The most "bang for buck" German course
4.7 star rating from 4800+ reviews
One payment for 24/7 lifetime access
60-day money back guarantee
Or until 1000 749 courses sold.
Save 60% Now

German Nominative

There are four cases in German: nominative, accusative, dative and genitive. This might be a bit tricky for you to get your head around because you don’t use cases in English as much as in German.

The different cases are used depending on the function of the noun in the sentence. The noun can be the subject, direct object or the indirect object of a sentence. Don’t worry we’ll explain all that over the next few pages. One good thing about German is that the noun always starts with a capital letter. That makes it much easier to spot! Check out this free lesson on the German nominative.

Resources for further reading:

How to pronounce the German Nominative

Practice Your Pronunciation With Rocket Record

Rocket Record lets you perfect your German pronunciation. Just listen to the native speaker audio and then use the microphone icon to record yourself. Once you’re done, you’ll get a score out of 100 on your pronunciation and can listen to your own audio playback. (Use a headset mic for best results.) Problems? Click here!

Der Hund bellt

The dog is barking

In this example the dog (“der Hund”) is doing the action, therefore he is the subject of the sentence. The nominative case is used for the subject of the sentence.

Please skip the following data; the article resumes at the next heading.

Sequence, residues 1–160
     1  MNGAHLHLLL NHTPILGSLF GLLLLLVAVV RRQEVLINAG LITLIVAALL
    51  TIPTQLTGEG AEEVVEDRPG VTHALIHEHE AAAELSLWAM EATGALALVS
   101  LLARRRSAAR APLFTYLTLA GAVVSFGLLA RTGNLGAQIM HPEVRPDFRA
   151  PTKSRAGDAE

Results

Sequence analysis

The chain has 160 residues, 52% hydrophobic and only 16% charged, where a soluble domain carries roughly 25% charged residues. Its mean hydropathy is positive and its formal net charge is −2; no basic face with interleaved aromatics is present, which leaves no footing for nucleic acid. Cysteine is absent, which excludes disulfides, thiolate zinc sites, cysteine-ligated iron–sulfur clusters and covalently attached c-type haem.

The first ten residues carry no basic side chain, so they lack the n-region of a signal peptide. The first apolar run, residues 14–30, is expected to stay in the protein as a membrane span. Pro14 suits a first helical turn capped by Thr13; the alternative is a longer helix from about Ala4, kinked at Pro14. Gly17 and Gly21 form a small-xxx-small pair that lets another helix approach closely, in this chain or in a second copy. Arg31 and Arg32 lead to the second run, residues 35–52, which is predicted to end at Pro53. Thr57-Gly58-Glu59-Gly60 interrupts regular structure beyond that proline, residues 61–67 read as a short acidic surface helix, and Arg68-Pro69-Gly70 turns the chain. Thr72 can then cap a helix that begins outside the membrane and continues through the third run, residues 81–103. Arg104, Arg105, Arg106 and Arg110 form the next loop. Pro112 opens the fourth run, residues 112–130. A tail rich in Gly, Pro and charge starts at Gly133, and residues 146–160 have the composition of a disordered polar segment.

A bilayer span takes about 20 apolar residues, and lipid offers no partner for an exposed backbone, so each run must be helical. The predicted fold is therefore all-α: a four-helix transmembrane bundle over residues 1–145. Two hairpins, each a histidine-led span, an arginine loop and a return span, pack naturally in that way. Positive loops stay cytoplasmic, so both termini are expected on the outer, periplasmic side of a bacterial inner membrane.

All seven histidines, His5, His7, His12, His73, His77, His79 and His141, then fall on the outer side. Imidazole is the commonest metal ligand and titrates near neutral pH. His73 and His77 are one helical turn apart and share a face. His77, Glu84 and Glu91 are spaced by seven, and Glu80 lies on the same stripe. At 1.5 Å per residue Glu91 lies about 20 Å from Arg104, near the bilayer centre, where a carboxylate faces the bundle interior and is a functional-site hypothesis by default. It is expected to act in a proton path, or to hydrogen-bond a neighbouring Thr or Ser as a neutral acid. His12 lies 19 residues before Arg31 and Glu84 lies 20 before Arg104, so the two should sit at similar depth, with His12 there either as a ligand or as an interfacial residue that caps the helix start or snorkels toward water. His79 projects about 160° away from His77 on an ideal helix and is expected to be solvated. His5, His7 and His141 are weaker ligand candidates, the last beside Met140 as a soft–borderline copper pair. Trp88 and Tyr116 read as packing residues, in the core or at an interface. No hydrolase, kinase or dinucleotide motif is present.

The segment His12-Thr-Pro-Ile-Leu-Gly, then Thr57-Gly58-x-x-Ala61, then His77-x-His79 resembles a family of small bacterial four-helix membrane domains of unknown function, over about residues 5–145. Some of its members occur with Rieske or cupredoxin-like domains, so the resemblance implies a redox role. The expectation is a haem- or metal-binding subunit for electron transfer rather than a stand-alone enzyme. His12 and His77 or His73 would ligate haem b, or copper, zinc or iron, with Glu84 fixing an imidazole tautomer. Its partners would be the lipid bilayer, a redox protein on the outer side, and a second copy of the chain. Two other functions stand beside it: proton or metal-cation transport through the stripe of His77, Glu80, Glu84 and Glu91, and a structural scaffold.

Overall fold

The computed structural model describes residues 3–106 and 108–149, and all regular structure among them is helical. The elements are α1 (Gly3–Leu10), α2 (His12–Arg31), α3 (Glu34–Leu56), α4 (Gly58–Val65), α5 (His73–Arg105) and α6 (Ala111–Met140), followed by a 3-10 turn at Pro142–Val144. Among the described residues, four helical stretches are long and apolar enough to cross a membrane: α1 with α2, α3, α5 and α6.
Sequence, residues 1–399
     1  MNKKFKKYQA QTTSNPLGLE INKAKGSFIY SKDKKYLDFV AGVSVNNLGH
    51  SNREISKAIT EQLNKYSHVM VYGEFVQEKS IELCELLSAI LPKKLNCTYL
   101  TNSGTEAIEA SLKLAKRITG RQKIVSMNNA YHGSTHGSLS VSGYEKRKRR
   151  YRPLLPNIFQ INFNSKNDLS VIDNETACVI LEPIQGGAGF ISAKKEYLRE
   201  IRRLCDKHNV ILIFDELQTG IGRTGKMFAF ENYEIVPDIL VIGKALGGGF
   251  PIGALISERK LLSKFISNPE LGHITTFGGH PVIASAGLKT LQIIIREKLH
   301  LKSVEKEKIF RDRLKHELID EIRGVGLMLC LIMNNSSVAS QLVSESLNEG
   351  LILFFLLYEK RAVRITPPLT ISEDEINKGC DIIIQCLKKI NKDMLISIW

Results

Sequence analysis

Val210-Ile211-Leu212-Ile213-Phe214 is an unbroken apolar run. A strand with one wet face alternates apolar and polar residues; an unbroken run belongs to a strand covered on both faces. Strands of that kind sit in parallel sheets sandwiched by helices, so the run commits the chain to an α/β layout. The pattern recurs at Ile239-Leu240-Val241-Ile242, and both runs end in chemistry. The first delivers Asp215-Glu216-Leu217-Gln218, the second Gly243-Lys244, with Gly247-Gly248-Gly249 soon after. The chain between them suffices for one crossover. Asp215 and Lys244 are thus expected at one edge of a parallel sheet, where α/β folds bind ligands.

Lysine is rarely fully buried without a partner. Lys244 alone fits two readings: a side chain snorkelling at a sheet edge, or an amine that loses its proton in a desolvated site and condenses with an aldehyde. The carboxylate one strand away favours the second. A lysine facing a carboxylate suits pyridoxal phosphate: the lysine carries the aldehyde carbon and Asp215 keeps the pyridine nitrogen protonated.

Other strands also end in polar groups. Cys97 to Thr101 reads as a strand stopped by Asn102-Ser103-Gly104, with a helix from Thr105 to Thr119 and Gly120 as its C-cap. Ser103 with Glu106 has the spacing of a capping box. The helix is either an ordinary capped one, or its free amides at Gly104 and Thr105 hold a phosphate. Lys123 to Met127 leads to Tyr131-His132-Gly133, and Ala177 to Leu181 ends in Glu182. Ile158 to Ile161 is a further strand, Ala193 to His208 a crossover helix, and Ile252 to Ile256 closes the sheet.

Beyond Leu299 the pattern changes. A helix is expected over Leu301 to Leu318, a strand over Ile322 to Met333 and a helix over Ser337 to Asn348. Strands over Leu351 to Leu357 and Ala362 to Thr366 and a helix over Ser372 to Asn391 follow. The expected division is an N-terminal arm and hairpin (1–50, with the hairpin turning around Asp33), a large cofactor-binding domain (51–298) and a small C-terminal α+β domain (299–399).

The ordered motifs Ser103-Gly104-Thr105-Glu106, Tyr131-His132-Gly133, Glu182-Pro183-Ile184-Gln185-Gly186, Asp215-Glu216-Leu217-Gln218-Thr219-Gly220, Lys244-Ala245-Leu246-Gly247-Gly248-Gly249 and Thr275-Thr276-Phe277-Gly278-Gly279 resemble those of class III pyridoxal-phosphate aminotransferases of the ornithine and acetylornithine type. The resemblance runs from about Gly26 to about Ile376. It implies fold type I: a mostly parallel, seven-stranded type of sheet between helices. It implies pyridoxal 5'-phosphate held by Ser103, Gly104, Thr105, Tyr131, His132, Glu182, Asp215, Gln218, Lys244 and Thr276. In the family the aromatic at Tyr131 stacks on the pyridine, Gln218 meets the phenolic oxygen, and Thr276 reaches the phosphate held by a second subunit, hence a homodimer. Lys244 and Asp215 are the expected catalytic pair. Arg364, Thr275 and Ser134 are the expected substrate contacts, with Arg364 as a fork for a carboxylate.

For example:

In German the nominative is often referred to as the “who-case” (“der Werfall”) , because you can use the question words “who ” or “ what ” to find out what the subject of the sentence is. For example: The sun is shining. What is shining? The sun . The sun is the subject and therefore in the nominative case.

Die Sonne scheint

The sun is shining

Der Bus fährt

The bus is driving

Das Kind lacht

The child is laughing

The nominative is always used after “sein” to be and “werden” to be or to become.

Es ist ein schöner Tag

It is a beautiful day

Es wird eine große Feier

It will be a big celebration

The nominative uses the articles “der”, “die”, “das” and “ein”, “eine”, “ein”. Which article is used depends on the gender of the noun. In some cases a noun doesn’t need an article at all, for example names, like Jana or Melina. Have a look at the examples below. The nominative is underlined.

For example:

Die Schule ist heute geschlossen.

The school is closed today.

Nadja ist schön.

Nadja is pretty.

Jana und Melina gehen in die Schule.

Jana and Melina are going to school.

Die Katze ist alt.

The cat is old.

Das Haus wird bald abgerissen.

The house will be demolished soon.

Schläft dein kleiner Bruder?

Is your little brother sleeping?

Here are a few recommended German lessons to try next!

Bis bald!

Paul Weber: Rocket German

Make It Stick With Rocket Reinforcement

Reinforce your learning from this lesson with the Rocket Reinforcement activities!